Being a caddie is a good way to be involved in professional golf without the hassle of being famous. While their golfer is getting hoarded for autographs, the caddie can be off on the side conversing with an equally important golfer.
Although many of the players are not actually related to their caddies, the connection they have overpowers the rule that says that people have to have the same blood to be family. Sometimes, family is just those who know you best.
They say it’s not the dress that makes the outfit, it’s the accessories… Or something along those lines. Don’t worry, this isn’t a sports-article-turned-fashion-advice-column, this quote is actually a metaphor that just so happens to be crafted around something that’s the complete opposite of golf.
Watching golf, or any professional sport for that matter, is completely different on TV than it is live. Golf on TV is just that- golf. The players shoot the ball, try to get it into the hole, and repeat for 18 holes. Golf in person is only about 10% actual golf and 90% “accessory”.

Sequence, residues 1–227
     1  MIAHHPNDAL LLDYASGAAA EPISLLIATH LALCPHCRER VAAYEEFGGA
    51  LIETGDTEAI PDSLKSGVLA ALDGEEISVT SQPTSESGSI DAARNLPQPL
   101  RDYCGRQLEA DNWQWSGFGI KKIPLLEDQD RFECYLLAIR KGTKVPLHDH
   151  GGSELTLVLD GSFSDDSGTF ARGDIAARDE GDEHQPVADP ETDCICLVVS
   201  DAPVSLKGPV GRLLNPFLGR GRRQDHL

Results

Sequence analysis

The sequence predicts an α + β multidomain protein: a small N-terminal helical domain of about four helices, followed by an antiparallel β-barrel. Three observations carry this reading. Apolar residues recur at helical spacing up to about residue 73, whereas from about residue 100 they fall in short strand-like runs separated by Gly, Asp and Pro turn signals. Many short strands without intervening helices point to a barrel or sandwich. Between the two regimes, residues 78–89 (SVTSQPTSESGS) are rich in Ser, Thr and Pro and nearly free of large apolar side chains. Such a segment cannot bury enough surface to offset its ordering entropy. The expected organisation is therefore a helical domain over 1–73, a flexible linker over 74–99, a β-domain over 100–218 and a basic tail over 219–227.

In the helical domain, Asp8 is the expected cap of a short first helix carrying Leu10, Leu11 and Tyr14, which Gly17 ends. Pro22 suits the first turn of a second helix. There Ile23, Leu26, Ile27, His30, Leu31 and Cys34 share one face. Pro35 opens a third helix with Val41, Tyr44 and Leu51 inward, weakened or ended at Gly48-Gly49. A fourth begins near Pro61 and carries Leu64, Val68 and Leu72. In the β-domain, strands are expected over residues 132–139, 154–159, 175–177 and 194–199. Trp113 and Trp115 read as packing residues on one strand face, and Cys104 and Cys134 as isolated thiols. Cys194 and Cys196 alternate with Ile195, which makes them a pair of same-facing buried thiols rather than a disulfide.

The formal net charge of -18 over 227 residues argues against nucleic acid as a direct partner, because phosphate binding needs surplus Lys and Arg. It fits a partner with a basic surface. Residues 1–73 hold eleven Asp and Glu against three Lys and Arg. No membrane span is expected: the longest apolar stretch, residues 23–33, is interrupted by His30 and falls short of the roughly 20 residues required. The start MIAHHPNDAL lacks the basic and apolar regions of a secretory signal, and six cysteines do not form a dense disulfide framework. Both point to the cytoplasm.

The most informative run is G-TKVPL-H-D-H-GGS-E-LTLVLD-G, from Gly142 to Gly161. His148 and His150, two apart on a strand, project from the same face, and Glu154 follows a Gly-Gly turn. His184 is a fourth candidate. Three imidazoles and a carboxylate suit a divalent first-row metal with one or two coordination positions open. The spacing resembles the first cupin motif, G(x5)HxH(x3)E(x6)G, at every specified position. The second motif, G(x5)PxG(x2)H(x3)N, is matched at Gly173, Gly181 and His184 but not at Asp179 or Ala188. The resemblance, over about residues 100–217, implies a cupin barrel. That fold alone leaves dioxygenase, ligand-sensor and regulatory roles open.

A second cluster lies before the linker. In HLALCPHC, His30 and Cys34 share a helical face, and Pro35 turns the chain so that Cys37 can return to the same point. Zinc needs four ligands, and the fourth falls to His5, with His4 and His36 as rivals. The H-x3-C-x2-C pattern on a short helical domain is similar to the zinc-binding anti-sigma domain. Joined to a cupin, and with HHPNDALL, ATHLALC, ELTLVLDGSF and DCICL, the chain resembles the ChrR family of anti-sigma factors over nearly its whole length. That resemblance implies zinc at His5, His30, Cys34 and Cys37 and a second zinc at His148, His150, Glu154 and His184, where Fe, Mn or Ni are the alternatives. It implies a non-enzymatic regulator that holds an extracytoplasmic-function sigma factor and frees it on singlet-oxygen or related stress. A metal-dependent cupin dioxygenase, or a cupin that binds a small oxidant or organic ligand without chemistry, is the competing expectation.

What they don’t show on TV is the cameras following players around, fans swarming their heroes after every hole, and reporters trying to get the quote they need from whoever can provide it, no matter the cost.
For those who have never been to any live sporting event, especially golf, it isn’t just a game- it’s a production. The amount of work that goes into making sure those clubs can be swung as many times as it takes to get the ball in the hole 18 times a day for four days straight is mind-blowing. There are more people working on something as simple as making sure everybody is being fed than there are actually playing the sport.
One of the biggest parts about a sporting production is the media. They not only let people know what is going on with the game, but they also have the power to manipulate the players to be whoever it is that helps support their most current point of view on the sport.
If it weren’t for the media, most people wouldn’t even know what sports were all about, let alone follow them as intently as they do now. Being familiar with the big names to the point of feeling as if they know them is part of what makes the average person so enthralled with a certain sport, and that is part of what the media is there for.